U.N. Committee on Ending All Forms of Racial Discrimination Calls on the U.S. to End “Operation Streamline” and Criminal Prosecutions of Migrants for Civil Immigration Violations

September 4, 2014

(New York, NY) — Last week, the United Nations CERD Committee released its Concluding Observations, which detail more than twenty areas of unacceptable racial discrimination in the United States. The Observations call for the U.S. Government to “prohibit racial discrimination in all its forms in federal and state legislation, including indirect discrimination, covering all fields of law and public life.”
Specifically, the U.N. Committee called for the U.S. to “ensure that the rights of non-citizens are fully guaranteed in law and practice.” including, but not limited to, “abolishing ‘Operation Streamline’ and dealing with any breaches of immigration law through the civil, rather than the criminal immigration system.”
“Operation Streamline” refers to a controversial U.S. prosecution program through which migrants face criminal charges and incarceration for crossing the border without authorization.
The Concluding Observations follow a two-day review, on August 13 and 14 in Geneva, of the U.S.’s compliance with the International Convention on the Elimination of All Forms of Racial Discrimination. 
Prior to the review, Justice Strategies and Grassroots Leadership submitted a report to the U.N. Committee detailing how a dramatic rise in the criminal prosecutions of immigrants in the U.S. has led to a boom of segregated, privatized immigration prisons run by U.S. corporations, including the GEO Group and Corrections Corporation of America.
The report examined the sharp increase in the number of migrants, the vast majority being Mexican nationals, who are criminally prosecuted for crossing the border; the increasing racial disparities in the federal prison population resulting from such criminal prosecutions; and the abuse-ridden, for-profit, segregated immigrant prisons where the majority of sentenced migrants are incarcerated.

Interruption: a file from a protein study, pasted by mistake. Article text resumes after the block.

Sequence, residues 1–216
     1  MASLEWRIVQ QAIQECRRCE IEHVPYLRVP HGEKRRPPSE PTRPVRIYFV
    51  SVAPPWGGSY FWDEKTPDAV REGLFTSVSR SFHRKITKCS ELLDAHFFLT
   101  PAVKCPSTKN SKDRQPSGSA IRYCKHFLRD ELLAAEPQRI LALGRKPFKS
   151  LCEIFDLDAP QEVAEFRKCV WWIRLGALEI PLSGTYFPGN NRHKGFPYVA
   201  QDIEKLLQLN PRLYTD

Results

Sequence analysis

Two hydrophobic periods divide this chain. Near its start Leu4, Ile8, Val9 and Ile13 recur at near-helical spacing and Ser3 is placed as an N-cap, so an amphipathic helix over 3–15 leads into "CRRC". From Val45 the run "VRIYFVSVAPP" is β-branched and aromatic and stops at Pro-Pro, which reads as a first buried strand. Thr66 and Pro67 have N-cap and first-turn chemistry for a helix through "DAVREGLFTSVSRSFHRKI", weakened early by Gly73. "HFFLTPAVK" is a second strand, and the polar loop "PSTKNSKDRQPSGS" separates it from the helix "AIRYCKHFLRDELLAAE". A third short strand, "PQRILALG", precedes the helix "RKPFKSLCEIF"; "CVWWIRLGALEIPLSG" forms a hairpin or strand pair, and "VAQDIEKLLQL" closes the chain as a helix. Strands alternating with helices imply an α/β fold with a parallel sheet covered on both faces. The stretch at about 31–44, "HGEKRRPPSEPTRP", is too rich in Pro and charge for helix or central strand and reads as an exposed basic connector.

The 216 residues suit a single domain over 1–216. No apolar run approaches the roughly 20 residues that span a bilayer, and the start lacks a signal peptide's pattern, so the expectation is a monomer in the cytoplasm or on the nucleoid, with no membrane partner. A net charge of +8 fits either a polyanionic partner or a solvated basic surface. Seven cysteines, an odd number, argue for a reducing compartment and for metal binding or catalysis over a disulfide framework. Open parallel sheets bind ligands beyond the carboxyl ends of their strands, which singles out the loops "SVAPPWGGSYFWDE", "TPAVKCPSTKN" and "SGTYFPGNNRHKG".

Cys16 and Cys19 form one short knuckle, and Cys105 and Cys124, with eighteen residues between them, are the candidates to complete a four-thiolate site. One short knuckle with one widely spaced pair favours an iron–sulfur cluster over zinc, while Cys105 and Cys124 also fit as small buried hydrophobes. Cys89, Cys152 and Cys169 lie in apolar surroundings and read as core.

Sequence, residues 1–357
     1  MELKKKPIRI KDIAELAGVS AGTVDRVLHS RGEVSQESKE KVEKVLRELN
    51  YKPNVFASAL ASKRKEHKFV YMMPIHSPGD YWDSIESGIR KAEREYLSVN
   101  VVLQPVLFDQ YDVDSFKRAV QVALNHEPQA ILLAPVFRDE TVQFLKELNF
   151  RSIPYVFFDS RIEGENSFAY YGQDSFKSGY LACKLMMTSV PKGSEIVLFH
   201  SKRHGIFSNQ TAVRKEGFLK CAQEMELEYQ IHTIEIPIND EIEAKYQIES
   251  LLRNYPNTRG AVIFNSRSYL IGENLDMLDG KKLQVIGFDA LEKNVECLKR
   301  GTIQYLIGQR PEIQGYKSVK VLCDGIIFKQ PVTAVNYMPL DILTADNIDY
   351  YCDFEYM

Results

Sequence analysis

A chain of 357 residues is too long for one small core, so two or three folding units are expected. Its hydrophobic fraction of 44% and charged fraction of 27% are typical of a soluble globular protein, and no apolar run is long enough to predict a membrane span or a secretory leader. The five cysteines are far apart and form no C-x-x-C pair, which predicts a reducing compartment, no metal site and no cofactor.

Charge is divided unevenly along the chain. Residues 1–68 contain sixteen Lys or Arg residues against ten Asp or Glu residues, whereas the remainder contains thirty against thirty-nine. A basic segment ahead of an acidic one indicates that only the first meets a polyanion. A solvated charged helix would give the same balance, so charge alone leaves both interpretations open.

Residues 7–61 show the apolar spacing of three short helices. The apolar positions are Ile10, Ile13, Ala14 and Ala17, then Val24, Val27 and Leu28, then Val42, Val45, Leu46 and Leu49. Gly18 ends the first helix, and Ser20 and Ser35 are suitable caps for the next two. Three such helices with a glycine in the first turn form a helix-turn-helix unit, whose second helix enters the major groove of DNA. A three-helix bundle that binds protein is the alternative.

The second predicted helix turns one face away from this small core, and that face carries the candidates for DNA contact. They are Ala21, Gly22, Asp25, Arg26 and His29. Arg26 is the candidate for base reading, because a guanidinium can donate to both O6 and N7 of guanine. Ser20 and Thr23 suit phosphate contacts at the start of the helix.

“We applaud the recommendations of the UN CERD Committee,” stated Judith Greene, Executive Director of Justice Strategies. “The U.S. government has a responsibility to work to eliminate the systemic racism and human rights violations that plague our criminal justice and immigration enforcement systems. The criminal prosecution of migrants for border crossing and other immigration-related violations has not only needlessly locked away tens of thousands of immigrants in privatized prisons with atrocious conditions, but it has also resulted in glaring racial disparities in the prison system.” 
Bob Libal, Executive Director of Grassroots Leadership, added, “Latinos now make up more than 50% of those entering federal prisons, despite comprising only 16% of the U.S. population, largely because of immigration prosecutions. While Latino immigrants are disproportionately sentenced to prison, for-profit prison corporations are the big winners in this unjust system. We are pleased that the Committee has endorsed our call for the U.S. government to end these senseless prosecutions as soon as possible." 
Justice Strategies, formed as an informal partnership in 2000 and launched as a formal organization in 2003, is a U.S.-based nonprofit research organization dedicated to providing high quality “action research” to advocates and policymakers pursuing more humane and cost-effective approaches to criminal justice and immigration law enforcement. Founded in 1980, Grassroots Leadership is a multi-racial  social justice organization based in the Southern and Southwestern United States that works to end the use of for-profit incarceration and reduce reliance on criminalization and detention through direct action, organizing, research, and public education. 

Judy Greene, Justice Strategies at greenej1@mindspring.com

Bob Libal, Grassroots Leadership atblibal@grassrootsleadership.org